Global Change: The Earth system
Satellite twins TerraSAR-X and TanDEM-XThe satellite twins TerraSAR-X and TanDEM-X fly in close formation – sometimes separated by only a few hundred metres – and thus acquire data for digital elevation models.
Global TanDEM-X forest mapThe global TanDEM-X Forest/Non-Forest Map was derived from interferometric radar data and is freely available for scientific applications.
Permafrost region Herschel IslandHerschel Island is located on the northwestern tip of Canada and is characterised by continuous permafrost. The PermASAR radar image acquired in August 2018 reveals vegetation in the L-band frequency range (dark green colour) in the otherwise treeless tundra. The thawing process is also evident along the coasts: In the right part of the picture, broken ice floes float on the sea (violet). On the coast in the left part of the image are traces of mudflows where the thawed soil breaks off and is washed away.
‘Global change’ is not a recently invented term – it has been used since the 1980s to describe changes in the Earth system driven or triggered by human activities. In contrast to climate change, which only deals with one specific issue, global change takes into account a larger range of processes.
Examples are global warming, changes in the composition of the atmosphere, the spread of agricultural land and the consequent loss of natural ecosystems (for example, tropical rainforests) the loss of biodiversity, ocean acidification, the melting of glaciers and parts of the polar ice caps, plastic waste in the oceans, urbanisation (since 2010 more people live in cities than in rural areas), changes in air quality and the increase in vulnerability to natural disasters. Some of these change processes are natural, but many are caused by humans. In some cases, the processes influence one another. Demographic change is a major driver of many of the processes – Earth has a population of approximately 7.5 billion, and the United Nations predicts that it will increase to more than 11 billion by 2100.
Remote sensing to assess changes
Monitoring global change is indispensable and there is no alternative method for understanding change processes, assessing their consequences and, where possible, making socio-political recommendations for action. Remote sensing is the best method for global monitoring. Earth Observation (EO) is the only technology that can perform this monitoring globally, comprehensively and with high spatial and temporal resolution and accuracy – and do this independently of political constraints.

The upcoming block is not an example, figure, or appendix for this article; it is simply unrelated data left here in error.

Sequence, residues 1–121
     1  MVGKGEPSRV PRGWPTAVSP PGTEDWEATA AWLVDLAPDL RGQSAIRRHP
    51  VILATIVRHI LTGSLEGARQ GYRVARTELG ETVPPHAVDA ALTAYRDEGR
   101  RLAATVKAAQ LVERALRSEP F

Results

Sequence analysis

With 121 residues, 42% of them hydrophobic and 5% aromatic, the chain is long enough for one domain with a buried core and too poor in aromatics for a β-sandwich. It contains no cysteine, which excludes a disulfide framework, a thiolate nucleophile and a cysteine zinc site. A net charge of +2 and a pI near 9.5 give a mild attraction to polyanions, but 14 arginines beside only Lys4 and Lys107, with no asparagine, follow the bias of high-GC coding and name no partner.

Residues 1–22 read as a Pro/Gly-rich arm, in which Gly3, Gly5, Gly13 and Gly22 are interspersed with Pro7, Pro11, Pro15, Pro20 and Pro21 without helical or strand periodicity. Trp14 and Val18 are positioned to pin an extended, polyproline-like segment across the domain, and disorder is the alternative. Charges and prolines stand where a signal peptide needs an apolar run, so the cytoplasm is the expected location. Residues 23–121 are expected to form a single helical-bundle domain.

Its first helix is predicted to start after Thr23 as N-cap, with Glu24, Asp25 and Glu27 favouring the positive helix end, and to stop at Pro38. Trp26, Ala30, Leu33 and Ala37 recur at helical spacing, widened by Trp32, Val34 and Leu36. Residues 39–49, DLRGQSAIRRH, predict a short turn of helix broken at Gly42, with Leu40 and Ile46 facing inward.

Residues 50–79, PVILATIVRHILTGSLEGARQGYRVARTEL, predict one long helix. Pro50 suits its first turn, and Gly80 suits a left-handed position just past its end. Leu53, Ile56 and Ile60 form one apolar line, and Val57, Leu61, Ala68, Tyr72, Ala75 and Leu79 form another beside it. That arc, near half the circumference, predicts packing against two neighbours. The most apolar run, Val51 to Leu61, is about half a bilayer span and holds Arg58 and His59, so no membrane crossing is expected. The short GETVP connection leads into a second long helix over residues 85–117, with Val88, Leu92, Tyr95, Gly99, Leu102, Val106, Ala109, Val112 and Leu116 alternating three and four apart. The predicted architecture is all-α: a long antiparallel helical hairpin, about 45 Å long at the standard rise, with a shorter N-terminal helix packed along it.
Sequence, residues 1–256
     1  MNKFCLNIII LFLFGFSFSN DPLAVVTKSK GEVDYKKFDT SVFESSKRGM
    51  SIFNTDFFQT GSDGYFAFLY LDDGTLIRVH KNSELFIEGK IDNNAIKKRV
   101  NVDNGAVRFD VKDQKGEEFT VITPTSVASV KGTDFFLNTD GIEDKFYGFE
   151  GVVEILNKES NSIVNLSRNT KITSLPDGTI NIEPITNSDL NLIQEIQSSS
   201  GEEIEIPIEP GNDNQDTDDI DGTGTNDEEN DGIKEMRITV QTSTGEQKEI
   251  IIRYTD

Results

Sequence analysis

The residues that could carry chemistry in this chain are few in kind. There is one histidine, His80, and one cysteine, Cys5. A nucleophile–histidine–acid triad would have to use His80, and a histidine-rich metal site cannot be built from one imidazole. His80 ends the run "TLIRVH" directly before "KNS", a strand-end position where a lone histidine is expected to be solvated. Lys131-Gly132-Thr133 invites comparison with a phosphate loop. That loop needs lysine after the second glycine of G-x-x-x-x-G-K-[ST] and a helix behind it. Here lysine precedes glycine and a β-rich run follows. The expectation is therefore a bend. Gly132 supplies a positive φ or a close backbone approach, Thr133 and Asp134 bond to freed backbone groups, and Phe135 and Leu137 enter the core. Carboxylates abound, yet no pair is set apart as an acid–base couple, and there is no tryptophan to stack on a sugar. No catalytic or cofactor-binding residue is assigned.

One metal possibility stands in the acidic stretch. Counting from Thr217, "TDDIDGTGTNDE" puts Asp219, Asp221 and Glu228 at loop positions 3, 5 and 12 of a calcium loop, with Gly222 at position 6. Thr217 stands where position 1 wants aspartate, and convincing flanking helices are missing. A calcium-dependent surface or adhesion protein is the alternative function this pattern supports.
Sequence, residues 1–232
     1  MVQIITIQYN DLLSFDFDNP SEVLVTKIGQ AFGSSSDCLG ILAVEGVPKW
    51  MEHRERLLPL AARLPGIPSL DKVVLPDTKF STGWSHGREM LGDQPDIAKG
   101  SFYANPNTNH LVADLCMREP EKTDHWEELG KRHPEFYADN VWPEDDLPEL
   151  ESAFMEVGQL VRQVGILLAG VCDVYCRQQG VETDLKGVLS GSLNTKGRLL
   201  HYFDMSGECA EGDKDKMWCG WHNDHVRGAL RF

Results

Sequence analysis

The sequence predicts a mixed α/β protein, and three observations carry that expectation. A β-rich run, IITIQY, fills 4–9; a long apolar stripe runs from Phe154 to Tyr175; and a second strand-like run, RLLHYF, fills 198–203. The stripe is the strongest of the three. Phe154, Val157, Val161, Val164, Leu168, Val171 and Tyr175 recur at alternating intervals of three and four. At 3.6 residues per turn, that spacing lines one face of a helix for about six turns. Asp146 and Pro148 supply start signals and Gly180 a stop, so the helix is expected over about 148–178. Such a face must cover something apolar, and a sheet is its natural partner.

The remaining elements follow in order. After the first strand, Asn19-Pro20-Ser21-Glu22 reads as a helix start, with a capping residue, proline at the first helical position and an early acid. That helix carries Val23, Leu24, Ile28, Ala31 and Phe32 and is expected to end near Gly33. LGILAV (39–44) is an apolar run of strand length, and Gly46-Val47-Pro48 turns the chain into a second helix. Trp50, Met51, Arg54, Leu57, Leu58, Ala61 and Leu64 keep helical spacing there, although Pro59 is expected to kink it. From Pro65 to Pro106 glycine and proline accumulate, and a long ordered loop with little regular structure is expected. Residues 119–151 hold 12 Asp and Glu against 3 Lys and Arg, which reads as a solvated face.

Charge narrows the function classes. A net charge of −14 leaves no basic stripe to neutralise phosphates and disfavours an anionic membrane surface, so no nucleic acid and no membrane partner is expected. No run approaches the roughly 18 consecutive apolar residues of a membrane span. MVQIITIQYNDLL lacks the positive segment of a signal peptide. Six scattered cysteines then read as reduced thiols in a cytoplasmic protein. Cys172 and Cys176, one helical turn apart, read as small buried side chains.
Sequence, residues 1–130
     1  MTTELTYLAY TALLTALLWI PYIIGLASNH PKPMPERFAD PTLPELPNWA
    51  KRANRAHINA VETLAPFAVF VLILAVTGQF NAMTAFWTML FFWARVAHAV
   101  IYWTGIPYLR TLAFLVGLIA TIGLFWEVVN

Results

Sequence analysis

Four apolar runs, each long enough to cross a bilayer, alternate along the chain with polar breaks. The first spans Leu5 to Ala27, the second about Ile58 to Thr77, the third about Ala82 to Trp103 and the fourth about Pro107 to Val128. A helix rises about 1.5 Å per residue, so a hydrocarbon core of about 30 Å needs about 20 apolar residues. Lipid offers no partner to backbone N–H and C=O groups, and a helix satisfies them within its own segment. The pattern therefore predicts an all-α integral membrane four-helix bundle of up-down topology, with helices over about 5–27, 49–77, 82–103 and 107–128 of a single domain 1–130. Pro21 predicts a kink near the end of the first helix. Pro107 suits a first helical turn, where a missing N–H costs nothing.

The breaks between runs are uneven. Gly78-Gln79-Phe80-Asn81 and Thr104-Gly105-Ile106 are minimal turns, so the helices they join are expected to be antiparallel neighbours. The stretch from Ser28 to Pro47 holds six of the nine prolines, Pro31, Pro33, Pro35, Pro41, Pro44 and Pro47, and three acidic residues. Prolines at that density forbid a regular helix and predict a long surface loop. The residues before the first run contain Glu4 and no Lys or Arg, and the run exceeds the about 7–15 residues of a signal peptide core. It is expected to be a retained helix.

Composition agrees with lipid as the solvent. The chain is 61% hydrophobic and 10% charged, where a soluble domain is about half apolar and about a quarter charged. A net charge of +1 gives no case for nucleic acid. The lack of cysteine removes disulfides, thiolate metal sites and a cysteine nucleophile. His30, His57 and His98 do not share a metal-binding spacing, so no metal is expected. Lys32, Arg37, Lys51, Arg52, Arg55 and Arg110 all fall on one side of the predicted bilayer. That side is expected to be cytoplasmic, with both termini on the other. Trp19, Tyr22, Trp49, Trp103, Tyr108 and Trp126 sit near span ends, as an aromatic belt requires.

DLR is active in Earth observation – both satellite-based and airborne – on a large scale. The Remote Sensing Technology Institute, the Microwaves and Radar Institute, the Institute of Atmospheric Physics, the Institute of Optical Sensor Systems and the German Remote Sensing Data Center not only address many of the research topics associated with global change but also play leading roles in the related scientific fields. For many years, DLR has been researching global change with a wide variety of missions. It develops archiving and processing technologies, devises algorithms for extracting relevant parameters from EO data and analyses the results.
Manuela BraunCommunicationGerman Aerospace Center (DLR)Strategy Space R&DTelephone: +49 2203 601-3882
Fax: +49 2203 601-3249Hansestraße 115Contact
A new generation of environmental monitoring – the DLR DESIS spectrometer begins routine operations on the ISSOn 23 October 2019, the German Aerospace Center (DLR) and the U.S. company Teledyne Brown Engineering (TBE) announced the start of routine operations for the 'DLR Earth Sensing Imaging Spectrometer' (DESIS).
MOSAiC Arctic expedition – DLR measurement technology for navigation signals will freeze with the Polarstern research vessel in the Arctic OceanThe Polarstern research icebreaker, operated by the Alfred Wegener Institute (AWI), will set sail for the Arctic Ocean on the evening of 20 September 2019.
Global TanDEM-X forest map is available.Forests are Earth's lungs; they help to reduce greenhouse gas concentrations in the atmosphere and thus counteract global warming, while also providing protection and resources for humans, animals and plants – and they are being lost at an alarming rate. As the view from space reveals, forests cover about one third of Earth’s landmass today. More than half of the world’s forests, which have fallen victim to deforestation since the middle of the 20th century in particular, have already been lost.
High-tech support for humanitarian aidHumanitarian aid organisations are increasingly seeking technological support for their work in crisis and disaster situations. New technologies from fields such as satellite remote sensing, robotics and communications can assist aid workers in rescuing and caring for people as effectively as possible in emergency situations.